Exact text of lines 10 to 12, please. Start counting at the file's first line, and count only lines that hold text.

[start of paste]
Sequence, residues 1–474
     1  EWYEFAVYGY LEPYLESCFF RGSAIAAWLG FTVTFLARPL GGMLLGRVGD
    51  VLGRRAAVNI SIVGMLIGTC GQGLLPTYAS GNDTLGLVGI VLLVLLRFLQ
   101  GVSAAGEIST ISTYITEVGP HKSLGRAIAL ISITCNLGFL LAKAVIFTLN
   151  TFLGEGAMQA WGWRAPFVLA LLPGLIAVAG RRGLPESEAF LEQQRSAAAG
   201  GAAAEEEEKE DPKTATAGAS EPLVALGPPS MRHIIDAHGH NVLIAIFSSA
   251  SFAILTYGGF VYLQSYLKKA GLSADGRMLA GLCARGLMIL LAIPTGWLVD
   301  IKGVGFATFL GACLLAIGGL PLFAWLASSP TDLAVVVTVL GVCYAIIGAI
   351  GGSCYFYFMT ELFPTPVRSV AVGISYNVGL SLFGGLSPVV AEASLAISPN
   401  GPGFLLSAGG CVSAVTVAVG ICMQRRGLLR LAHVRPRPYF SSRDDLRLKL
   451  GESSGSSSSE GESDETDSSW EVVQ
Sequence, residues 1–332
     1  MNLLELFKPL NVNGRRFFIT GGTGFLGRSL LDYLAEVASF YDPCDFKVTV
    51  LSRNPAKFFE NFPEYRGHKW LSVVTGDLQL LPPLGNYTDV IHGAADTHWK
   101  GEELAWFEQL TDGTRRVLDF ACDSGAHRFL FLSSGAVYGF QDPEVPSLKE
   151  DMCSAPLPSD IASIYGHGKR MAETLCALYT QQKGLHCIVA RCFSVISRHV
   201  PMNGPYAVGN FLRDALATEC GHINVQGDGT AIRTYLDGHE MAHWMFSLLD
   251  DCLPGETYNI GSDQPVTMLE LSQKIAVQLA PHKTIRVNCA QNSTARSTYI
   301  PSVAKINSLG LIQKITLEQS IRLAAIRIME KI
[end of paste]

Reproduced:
   401  GPGFLLSAGG CVSAVTVAVG ICMQRRGLLR LAHVRPRPYF SSRDDLRLKL
   451  GESSGSSSSE GESDETDSSW EVVQ
Sequence, residues 1–332